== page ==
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Eger v. E.I. Du Pont De Nemours Co.

Decided: April 20, 1988.


On certification to the Superior Court, Appellate Division.

For affirmance -- Chief Justice Wilentz, and Justices Handler, Pollock, O'Hern and Garibaldi. For reversal and remandment -- Justices Clifford and Stein. The opinion of the Court was delivered by Handler, J. Stein, J., dissenting.


Clifford Eger, a New Jersey resident, worked as a draftsman for Allstates Design and Development Co., Inc. (Allstates), a New Jersey corporation, from 1964 until 1983. During this time, E.I. du Pont DeNemours & Co. (Du Pont) hired Allstates as a subcontractor to provide various design, drafting, and model building services in connection with Du Pont's operation of the Savannah River Nuclear Plant, a South Carolina facility owned by the United States Department of Energy, which manufactures radioactive isotopes for defense and industrial uses.

On various occasions over the course of his nineteen-year employment with Allstates, Eger was sent to the Savannah

River facility to perform certain tasks in connection with his development of particular designs to suit engineering specifications provided by Du Pont. Plaintiffs allege that on one or more of his trips to the Savannah River facility, Eger was exposed to radioactivity that caused him to contract acute myeloblastic leukemia, a form of leukemia known to be caused by exposure to radiation and certain toxic chemicals.

Due to his illness, Eger left Allstates in July of 1983. Prior to his departure, in March of 1983, Eger filed a workers' compensation action in New Jersey against Allstates. Subsequently, in April of 1984, Eger and his wife, Mildred, brought a third-party tort action against Du Pont and Allstates, the hospital and doctors responsible for Du Pont's screening program, and various chemical companies. The plaintiffs have since dismissed without prejudice the common-law actions against Allstates and the chemical companies.

Du Pont moved for summary judgment, claiming that as the statutory employer of Eger under the South Carolina workers' compensation act, it was immune from common-law tort liability. The Law Division granted this motion. On appeal by the plaintiffs, directed to Du Pont only, in a per curiam unpublished opinion, the Appellate Division affirmed the trial court's ruling. We granted plaintiffs' petition for certification, 107 N.J. 634 (1987), and now affirm the judgment of the Appellate Division.*fn1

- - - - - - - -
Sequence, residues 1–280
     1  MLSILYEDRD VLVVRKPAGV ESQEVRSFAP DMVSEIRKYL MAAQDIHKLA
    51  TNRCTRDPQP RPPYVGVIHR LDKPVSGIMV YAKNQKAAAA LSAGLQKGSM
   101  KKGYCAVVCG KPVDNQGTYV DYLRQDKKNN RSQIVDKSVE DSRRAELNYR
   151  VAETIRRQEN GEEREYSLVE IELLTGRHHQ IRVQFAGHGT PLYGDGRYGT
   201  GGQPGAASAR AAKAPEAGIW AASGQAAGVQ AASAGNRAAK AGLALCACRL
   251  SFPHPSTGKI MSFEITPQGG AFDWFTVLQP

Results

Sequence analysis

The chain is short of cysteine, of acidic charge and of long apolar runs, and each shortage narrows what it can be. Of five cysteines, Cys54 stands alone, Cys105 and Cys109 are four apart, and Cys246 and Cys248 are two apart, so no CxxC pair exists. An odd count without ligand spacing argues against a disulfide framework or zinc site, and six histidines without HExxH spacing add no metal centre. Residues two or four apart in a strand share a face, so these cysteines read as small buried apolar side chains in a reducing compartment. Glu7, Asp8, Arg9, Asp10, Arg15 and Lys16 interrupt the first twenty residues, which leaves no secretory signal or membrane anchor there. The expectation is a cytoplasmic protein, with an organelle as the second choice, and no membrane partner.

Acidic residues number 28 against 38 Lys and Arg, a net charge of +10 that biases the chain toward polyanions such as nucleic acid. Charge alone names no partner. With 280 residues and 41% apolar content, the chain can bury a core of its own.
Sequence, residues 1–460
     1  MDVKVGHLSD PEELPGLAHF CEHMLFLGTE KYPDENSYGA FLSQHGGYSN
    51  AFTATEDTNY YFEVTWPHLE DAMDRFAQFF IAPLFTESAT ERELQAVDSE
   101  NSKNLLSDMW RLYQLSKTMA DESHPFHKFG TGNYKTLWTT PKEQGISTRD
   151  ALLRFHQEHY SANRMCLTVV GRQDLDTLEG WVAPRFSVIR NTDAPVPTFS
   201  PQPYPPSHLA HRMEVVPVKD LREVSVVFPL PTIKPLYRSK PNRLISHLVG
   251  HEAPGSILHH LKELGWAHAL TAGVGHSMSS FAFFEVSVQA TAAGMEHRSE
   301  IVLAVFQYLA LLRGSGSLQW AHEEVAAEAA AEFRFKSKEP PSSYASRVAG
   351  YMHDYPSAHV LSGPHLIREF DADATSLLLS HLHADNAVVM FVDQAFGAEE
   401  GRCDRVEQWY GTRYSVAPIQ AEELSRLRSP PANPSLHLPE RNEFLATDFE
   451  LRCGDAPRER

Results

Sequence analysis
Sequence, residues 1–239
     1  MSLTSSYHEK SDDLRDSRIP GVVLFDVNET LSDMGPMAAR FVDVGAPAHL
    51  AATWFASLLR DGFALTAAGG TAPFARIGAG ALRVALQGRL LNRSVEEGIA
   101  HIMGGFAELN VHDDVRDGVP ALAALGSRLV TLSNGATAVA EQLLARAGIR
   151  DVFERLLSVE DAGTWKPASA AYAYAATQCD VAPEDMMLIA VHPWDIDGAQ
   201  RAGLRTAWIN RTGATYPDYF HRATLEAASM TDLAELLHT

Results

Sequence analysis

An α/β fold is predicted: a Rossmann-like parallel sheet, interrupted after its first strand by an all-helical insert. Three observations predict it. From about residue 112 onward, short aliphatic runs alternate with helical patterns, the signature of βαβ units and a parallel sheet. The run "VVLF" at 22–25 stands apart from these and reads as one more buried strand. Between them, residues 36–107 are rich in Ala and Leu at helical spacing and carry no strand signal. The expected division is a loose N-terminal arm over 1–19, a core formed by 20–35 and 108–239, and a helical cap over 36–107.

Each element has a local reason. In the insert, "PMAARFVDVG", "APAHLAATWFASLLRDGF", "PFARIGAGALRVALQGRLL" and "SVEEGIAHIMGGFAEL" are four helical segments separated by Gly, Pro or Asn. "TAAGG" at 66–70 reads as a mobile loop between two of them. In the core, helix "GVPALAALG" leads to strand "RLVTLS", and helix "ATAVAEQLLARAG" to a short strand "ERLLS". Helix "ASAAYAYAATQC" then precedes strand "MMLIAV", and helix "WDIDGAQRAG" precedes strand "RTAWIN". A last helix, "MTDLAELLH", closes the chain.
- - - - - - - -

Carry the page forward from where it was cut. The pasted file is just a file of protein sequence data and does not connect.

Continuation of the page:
There is a difference in the role of a general contractor in the workers' compensation systems of New Jersey and South

Carolina. In New Jersey, the rights and duties defined by the workers' compensation statute arise out of the employment contract between the employee and his immediate employer. The employer, unless adequately self-insured, is required to purchase workers' compensation insurance providing benefits in accord with a statutory schedule for all injuries arising out of and in the course of employment regardless of the fault of the employer. N.J.S.A. 34:15-7. In return for the employer assuming the burden of providing this coverage, the employee surrenders the right to pursue any other remedy against the employer, thus immunizing the employer from tort liability. N.J.S.A. 34:15-8. General contractors, however, are not parties to the employment contract between a subcontractor and its employees. They are therefore not required to provide workers' compensation coverage, and do not enjoy the immediate employer's immunity from tort liability. Corbett v. Starrett Bros, 105 N.J.L. 228, 231 (E. & A. 1928). While a general contractor may be called on to provide workers' compensation to the employee of a subcontractor that has violated its statutory obligation to provide workers' compensation coverage, N.J.S.A. 34:15-79, this secondary liability is imposed to ensure that a worker has some source of recovery, and to provide an incentive for general contractors to place work with insured subcontractors; it has no bearing on the tort liability of a general contractor to a subcontractor's employee. See, e.g., Boehm v. Witte, 95 N.J. Super. 359, 366 (Law Div.1967).